Town Council approves 2024 Budget and Property Tax Rates

The Town of Golden is committed to sound financial management and developing a responsible and sustainable budget. On May 7, Council adopted the 2024 budget and five-year financial plan after many thoughtful and engaged discussions about what services the Town provides, what services the taxpayers desire, and the costs of both. The budget will allow the Town to maintain current service levels in the face of increased inflation, interest, and marketplace costs, while also meeting the changing needs and expectations of a growing community. 

“Our historical increases to property taxes have been very consistent and moderate. People are going to notice this year’s jump, but the reality is this current economy is forcing us to increase our base operational budget to keep up with core infrastructure and service responsibilities,” said Mayor Ron Oszust. 

This year residents will see a wide range of projects taking place to support core services: work will begin on Well 7 at Dogwood Park, and progress will continue on the Integrated Sanitary Sewer Upgrades project, along with the replacement of the Edelweiss sanitary lift station; additional earthen dike work is scheduled along the Kicking Horse River; staff will continue to provide support for the provincial Kicking Horse Bridge replacement project, and short-term rental regulations will be implemented. 

Council Chambers will undergo an audio-visual upgrade to support recorded meetings, enhancing transparency and information accessibility; work will continue on the Mount 7 Rec Plex block to enhance the recreation experiences being offered; funded through the Resort Municipality Initiative, portions of the Trans-Canada Highway corridor will see new irrigation infrastructure and an expanded washroom facility at the Visitor Information Centre will be built, and already this year we have seen the official completion of the Downtown Plaza Revitalization project.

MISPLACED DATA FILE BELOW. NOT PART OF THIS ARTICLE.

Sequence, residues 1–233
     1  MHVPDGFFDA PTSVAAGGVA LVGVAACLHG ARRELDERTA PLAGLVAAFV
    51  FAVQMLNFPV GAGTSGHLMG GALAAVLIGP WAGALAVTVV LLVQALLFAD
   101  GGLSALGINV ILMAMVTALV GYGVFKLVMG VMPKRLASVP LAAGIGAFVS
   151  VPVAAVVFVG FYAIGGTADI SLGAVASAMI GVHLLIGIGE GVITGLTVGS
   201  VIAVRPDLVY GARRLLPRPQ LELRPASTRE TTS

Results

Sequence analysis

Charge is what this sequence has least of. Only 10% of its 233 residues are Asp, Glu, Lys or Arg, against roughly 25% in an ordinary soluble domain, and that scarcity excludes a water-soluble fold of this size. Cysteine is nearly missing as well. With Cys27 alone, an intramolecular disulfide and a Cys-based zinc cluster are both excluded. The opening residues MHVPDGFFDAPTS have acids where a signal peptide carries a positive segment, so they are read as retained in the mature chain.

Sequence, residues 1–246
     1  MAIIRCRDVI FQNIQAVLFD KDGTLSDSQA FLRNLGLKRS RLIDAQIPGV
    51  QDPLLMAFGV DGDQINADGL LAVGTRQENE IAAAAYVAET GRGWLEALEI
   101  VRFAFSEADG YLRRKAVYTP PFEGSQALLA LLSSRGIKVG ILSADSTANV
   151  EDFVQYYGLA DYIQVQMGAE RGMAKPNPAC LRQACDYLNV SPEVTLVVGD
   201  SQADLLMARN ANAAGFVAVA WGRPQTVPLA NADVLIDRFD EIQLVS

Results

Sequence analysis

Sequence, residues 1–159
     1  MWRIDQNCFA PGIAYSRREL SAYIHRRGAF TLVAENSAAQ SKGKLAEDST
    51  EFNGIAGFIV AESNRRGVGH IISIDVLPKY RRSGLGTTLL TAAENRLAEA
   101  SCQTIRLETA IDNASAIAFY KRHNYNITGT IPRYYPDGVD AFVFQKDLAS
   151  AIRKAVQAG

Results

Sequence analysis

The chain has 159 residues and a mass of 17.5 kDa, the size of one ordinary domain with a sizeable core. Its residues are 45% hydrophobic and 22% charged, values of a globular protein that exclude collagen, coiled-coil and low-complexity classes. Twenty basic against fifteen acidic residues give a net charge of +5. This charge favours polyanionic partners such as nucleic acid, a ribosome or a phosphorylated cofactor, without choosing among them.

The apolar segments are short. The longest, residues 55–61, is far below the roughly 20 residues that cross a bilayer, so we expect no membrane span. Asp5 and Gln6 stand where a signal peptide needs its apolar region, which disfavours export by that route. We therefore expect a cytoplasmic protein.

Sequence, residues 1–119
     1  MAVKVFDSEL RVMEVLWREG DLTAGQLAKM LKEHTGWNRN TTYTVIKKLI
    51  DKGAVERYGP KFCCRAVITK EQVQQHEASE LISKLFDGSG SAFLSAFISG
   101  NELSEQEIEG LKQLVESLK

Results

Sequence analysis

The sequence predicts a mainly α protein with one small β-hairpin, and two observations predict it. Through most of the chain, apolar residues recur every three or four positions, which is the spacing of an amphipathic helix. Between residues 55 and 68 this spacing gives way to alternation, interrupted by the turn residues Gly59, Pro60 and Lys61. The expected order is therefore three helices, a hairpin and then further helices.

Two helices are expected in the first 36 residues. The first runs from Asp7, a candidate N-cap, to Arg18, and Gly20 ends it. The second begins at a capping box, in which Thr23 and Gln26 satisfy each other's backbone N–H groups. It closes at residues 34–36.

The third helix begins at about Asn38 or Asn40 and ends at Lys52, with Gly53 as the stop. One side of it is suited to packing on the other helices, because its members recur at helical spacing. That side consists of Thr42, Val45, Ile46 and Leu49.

Council also adopted the 2024 Tax Rates Bylaw on May 7. The tax rates determine how much each property class contributes, and the revenue collected helps support the Town’s ongoing operations and the maintenance of existing service levels.

As a result of the notable increasing costs, the average homeowner will see a larger than historical increase in their taxes at approximately $24 per month for their Town of Golden property taxes (which equates to approximately $284 for the year).

In addition to Municipal taxes, the Town is also responsible for collecting taxes on behalf of other taxing authorities. This year, the average increase from these other non-municipal entities is approximately 2.85%. 

Of the total taxes collected, 62% will be kept by the Town to fund municipal operations, slightly up from 58% in 2023. The remainder is collected by the Town and paid to the Columbia Shuswap Regional District, Province of BC (Police and School Tax), Municipal Finance Authority, BC Assessment Authority, and Kootenay East Regional Hospital District.


“Our very high success rate with grants lets us get a lot of infrastructure work done without having to use property tax revenues for it” said Chief Administrative Officer Jon Wilsgard. “Local governments everywhere are facing tremendous pressures to their ability to maintain infrastructure and the services citizens expect without considerable increases to their budgets.  The costs of commodities, goods, services, and interest rate impacts effect us like any other business or resident.  A scan around the province puts us in the middle of the pack with our fellow municipalities in terms of the scope of that percentage increase.” 


For more information and details on the 2024 budget and 2024-2028 financial plan, visit and to learn more about your 2024 BC Assessment, visit

Media Releases